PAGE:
National News

Bishops, Governor Call For Gun Reform In Aftermath Of Buffalo Mass Shooting

Police are on scene at a Tops Friendly Market on May 14, in Buffalo, where 10 people were killed after a mass shooting at the store. (Photo: John Normile/Getty Images)

BUFFALO — Shock and grief gave way to outrage in the wake of a racially-motivated mass shooting at a supermarket here on Saturday, May 14, as leading Catholic prelates and the governor lamented the rise in deadly gun violence across the state and called for tougher measures to control it.

On Saturday, a gunman identified by law enforcement authorities as Payton Gendron, 18, of Conklin, New York, arrived at Tops Friendly Market in Buffalo dressed in tactical gear and armed with an assault rifle at approximately 2:30 p.m. and began shooting people — first in the parking lot and then inside the supermarket, authorities said. For a short time, the gunman was live-streaming the incident on the website Twitch from a camera attached to the helmet he was wearing.

A total of 13 people were shot. Ten of whom died, while three others suffered non-life-threatening injuries. Eleven of the 13 victims were black, according to officials.

The suspect surrendered to police at the scene and was taken into custody. He was arraigned in court Saturday on first-degree murder charges. He pleaded not guilty.

Bishop Michael Fisher of the Diocese of Buffalo issued a statement decrying the level of gun violence in the country.

“What unfortunately has become an all too common occurrence in this country has now shown its abhorrently evil face in Buffalo as we have now learned that 10 innocent souls have lost their lives here,” Bishop Fisher stated. “On behalf of the Diocese of Buffalo, I, in the strongest of terms, condemn this utterly senseless act and pray for the victims and all those impacted by this act of cowardice.”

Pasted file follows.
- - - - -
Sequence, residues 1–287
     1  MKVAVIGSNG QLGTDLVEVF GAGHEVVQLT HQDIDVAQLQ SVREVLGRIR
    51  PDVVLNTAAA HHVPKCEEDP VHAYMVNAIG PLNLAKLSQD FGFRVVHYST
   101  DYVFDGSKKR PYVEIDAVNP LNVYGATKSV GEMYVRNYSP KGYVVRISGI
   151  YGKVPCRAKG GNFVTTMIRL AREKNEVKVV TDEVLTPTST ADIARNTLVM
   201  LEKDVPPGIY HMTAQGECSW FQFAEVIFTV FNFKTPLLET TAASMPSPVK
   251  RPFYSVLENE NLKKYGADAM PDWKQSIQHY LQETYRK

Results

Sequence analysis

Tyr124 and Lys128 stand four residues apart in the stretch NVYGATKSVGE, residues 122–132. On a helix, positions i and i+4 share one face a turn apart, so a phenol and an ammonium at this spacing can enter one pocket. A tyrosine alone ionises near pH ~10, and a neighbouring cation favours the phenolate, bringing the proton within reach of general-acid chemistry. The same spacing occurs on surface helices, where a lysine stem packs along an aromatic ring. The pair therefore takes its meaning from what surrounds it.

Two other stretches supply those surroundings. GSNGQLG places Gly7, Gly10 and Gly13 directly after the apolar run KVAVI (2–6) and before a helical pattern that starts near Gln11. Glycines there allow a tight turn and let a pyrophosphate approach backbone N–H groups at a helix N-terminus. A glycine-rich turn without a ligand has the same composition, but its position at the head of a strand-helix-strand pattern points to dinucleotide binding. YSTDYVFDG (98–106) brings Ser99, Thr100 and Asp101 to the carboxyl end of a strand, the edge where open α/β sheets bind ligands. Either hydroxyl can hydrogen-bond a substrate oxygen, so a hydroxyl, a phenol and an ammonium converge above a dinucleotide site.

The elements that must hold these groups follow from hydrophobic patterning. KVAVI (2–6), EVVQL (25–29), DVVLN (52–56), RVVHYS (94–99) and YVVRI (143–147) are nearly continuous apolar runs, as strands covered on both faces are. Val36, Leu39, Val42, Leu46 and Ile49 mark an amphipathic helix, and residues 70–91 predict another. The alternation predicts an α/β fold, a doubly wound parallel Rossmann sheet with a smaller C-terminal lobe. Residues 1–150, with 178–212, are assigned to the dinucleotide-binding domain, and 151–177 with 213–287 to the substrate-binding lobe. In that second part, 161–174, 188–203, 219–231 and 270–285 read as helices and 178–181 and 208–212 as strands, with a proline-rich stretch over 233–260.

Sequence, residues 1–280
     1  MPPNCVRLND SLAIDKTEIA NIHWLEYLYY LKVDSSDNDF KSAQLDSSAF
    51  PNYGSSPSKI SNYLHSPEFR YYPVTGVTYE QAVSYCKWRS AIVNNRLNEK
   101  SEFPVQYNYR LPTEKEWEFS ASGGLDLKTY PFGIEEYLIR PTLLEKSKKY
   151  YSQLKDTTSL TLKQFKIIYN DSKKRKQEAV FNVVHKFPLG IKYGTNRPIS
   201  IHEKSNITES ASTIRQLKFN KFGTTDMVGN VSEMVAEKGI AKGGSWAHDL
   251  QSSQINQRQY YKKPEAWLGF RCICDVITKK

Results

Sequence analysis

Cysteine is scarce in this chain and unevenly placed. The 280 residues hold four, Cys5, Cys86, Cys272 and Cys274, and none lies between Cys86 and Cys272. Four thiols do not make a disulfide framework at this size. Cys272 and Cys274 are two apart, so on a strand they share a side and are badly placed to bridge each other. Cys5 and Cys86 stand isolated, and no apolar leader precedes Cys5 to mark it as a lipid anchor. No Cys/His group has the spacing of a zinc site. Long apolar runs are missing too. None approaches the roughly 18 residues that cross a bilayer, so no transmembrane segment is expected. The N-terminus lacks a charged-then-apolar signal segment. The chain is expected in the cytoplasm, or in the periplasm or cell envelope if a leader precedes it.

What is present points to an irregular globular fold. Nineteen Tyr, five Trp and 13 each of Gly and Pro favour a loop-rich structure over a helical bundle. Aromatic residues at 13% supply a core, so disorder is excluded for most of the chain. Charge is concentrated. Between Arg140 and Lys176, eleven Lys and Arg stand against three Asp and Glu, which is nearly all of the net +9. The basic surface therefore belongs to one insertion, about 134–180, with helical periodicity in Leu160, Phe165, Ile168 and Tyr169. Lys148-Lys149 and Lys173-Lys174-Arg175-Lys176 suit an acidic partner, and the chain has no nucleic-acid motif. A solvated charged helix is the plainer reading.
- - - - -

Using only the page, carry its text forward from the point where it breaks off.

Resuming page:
Bishop Robert Brennan called for prayers for the families of the victims.

“I am horrified by the senseless act of violence that took place in Buffalo yesterday, which has claimed the sacred lives of 10 individuals,” Bishop Brennan said in a statement on Sunday.

“Let us pray for an end to hate, violence, and racism in our country and in the world. Pray with me for the families of the victims of this terrible act, that they may feel the love of God and neighbor,” he added.

Gov. Kathy Hochul, who hails from the Buffalo area, described the gunman as a “white supremacist” and announced plans to introduce a legislative package to address gun loopholes on Tuesday, May 17.

“I’ve seen violence from guns on a Brooklyn subway and now on the streets of Buffalo. It has to stop. It has to stop,” Hochul said at a press briefing on Saturday, referring to the April 12 incident in which a gunman shot 10 people on the N train at the 36th Street subway station. There were no fatalities in that shooting.

“We are doing everything we can to ensure that our laws are tight, they’re ironclad, to ensure that our law enforcement have the resources they need,” the governor said.

The FBI is investigating the shooting as a hate crime.

Law enforcement officials are also examining a manifesto that appears to have been posted by Gendron containing racist statements directed toward black people. The shooting took place in a predominantly black neighborhood in Buffalo. 

The manifesto included mentions of “replacement theory,” the belief promoted on some websites that elites in the U.S. are seeking to dilute the political and cultural power of white people by replacing them with immigrants and people of color. 

Authorities said Gendron visited the supermarket the day before the shooting on what officials described as a reconnaissance mission.

Saturday’s mass shooting wasn’t the first time Gendron has come to the attention of law enforcement officials.

Back in June, police questioned him after he made disturbing remarks about committing murder and suicide when students at his high school were asked to discuss their post-graduation plans.

Gendron, who told police he was only joking, was ordered to undergo a psychiatric evaluation. He was released after the evaluation.

President Joe Biden and First Lady Jill Biden will visit Buffalo on Tuesday to “grieve with the community that lost 10 lives in a senseless and horrific mass shooting,” the White House said in a statement.

Hochul has ordered flags at state office buildings to fly at half-staff in tribute to the victims.